If you want to invest in property and rent it out to someone else, you will need a buy to let mortgage. Here is everything you need to know about them.
Think carefully before securing other debts against your home. Your home may be repossessed if you do not keep up repayments on your mortgage or any other debt secured on it.
It is the purchase of a property that you will rent out to somebody else.
You can use a specific buy to let (BTL) mortgage to purchase the property. This means you can buy property as an investment without needing to save up the full amount to buy it outright.
You then let out the property and act as the landlord for the people who rent it. You charge them rental payments to cover the mortgage and your other costs.
The rent you charge should pay your mortgage, but you can make a profit too:
Rental income: The rent you charge should be more than the cost of the monthly mortgage repayments. Although there can be other costs like repairs or letting agent fees, you may still be able to keep some of the rent yourself.
Capital growth: You can make money if you can sell your property for more than you paid for it. The property's price would have to increase more than the rate of inflation.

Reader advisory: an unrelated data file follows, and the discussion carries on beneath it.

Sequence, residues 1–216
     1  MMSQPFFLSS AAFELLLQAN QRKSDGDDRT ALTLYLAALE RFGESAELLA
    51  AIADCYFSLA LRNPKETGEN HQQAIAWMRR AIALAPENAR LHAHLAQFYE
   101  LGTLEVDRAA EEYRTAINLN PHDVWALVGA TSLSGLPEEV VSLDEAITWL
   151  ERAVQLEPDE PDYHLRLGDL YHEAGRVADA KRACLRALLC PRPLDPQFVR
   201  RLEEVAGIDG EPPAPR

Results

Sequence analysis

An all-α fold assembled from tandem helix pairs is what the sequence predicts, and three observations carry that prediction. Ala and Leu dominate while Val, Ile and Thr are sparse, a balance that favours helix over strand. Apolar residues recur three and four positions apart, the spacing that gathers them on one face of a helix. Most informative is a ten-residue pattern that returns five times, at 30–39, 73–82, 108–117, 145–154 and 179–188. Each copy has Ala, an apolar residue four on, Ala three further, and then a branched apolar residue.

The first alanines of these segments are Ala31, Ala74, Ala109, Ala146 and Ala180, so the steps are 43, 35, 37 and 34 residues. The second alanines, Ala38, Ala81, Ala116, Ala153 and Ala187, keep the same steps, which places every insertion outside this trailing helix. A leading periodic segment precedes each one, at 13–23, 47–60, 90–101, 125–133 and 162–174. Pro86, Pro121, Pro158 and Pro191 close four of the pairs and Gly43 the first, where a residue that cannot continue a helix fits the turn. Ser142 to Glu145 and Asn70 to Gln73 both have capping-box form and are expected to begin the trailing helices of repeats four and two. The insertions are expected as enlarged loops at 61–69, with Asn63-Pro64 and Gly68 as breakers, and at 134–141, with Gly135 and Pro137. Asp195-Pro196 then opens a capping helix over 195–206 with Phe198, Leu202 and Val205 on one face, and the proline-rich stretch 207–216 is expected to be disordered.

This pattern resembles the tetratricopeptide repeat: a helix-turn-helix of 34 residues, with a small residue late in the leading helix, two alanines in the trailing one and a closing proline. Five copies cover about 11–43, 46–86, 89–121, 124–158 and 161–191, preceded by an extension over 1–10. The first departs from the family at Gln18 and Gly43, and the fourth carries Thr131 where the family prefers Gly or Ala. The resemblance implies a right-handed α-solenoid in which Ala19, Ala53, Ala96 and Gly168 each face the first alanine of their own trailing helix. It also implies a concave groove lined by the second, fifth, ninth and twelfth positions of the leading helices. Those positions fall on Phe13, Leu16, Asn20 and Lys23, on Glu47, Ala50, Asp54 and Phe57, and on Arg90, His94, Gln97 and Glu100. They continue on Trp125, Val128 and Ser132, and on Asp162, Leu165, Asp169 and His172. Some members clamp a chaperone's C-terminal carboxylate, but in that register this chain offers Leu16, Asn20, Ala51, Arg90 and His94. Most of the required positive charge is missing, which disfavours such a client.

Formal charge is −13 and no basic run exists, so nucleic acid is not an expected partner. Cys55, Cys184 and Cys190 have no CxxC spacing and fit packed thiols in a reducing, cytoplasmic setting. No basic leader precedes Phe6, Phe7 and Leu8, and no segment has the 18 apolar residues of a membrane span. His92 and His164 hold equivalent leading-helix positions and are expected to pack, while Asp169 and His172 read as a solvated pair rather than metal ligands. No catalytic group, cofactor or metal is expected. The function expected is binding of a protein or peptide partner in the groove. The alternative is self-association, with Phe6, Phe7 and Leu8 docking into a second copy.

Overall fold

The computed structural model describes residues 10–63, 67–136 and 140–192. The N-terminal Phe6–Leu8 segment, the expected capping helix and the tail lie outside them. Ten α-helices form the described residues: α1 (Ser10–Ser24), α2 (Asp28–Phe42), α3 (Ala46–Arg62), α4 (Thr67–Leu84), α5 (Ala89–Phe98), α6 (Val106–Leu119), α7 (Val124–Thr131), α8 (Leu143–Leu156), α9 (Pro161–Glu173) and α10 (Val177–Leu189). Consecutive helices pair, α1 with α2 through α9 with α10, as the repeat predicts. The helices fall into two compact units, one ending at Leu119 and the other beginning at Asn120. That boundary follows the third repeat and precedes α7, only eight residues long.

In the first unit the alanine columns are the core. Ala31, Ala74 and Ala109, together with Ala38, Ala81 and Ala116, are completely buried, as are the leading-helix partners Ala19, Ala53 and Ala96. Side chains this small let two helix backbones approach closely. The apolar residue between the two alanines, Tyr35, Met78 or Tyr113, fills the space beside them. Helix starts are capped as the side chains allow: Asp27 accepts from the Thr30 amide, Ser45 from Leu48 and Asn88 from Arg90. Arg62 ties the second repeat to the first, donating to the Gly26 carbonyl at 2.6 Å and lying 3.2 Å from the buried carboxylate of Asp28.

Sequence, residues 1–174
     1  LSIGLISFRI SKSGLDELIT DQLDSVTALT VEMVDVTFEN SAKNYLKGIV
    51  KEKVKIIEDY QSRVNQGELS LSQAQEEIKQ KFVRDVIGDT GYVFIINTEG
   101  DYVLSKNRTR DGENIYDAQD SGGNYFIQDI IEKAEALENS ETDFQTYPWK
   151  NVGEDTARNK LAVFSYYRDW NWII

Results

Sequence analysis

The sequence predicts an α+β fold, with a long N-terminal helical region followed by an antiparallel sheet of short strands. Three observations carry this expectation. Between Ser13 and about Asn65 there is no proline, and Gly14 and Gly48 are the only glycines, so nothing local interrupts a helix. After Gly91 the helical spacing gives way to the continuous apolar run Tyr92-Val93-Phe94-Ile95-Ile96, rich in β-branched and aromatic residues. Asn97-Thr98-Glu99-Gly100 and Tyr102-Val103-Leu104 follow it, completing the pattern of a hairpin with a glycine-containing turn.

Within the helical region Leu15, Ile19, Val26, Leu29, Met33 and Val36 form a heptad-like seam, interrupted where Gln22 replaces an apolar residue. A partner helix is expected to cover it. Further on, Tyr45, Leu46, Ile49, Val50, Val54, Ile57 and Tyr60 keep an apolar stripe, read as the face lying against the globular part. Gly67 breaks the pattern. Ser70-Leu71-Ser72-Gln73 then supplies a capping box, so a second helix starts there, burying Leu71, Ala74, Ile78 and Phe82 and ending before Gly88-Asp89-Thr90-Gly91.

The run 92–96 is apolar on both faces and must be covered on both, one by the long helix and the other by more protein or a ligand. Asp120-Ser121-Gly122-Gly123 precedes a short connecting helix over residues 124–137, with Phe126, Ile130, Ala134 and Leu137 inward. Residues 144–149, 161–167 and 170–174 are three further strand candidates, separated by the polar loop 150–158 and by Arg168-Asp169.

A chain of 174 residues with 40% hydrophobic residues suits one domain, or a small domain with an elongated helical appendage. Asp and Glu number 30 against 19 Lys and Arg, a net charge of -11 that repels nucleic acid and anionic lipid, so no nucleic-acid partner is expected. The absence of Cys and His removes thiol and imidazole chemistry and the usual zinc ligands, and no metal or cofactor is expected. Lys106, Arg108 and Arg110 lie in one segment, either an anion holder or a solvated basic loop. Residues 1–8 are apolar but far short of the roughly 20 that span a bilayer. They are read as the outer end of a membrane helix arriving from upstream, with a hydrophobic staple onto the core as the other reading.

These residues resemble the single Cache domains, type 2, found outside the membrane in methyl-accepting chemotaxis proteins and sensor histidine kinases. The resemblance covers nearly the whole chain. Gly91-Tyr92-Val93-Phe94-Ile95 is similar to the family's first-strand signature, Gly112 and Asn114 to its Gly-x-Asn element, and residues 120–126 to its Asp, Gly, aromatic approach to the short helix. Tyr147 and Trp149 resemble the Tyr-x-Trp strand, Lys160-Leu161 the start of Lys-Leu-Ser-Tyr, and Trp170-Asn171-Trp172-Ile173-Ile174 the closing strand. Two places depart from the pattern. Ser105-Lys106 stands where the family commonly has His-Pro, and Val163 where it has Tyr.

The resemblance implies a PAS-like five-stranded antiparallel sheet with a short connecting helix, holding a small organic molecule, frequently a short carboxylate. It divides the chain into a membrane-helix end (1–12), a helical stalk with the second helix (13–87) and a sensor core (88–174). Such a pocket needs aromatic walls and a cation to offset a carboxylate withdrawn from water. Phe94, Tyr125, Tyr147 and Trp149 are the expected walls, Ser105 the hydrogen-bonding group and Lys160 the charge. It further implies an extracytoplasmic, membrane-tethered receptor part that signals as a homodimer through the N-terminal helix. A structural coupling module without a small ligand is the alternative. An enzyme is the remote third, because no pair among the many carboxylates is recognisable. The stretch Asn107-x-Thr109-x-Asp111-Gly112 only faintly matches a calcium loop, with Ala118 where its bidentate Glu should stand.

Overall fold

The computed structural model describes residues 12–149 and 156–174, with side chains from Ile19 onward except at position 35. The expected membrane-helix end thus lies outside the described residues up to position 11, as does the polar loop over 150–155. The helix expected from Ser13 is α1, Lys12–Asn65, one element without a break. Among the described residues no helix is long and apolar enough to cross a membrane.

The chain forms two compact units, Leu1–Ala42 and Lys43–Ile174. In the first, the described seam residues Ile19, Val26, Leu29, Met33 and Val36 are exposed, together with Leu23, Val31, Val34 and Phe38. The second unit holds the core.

You can get most types of mortgage for a buy to let property. You will need to decide if you want a fixed, variable, tracker, discount or capped interest rate. Here is how to decide between them.
Most buy to let mortgages are interest only, which means your monthly repayments just cover the interest owed and the amount you borrowed will not go down.
You will need to pay off the balance at the end of the mortgage term, usually around 25 years. You could sell the property to do this and keep any profit you make.
A repayment mortgage will pay off the entire amount you borrowed by the end of the term. This means you could either:
Keep the property and continue to rent it out, keeping all of the rent money yourself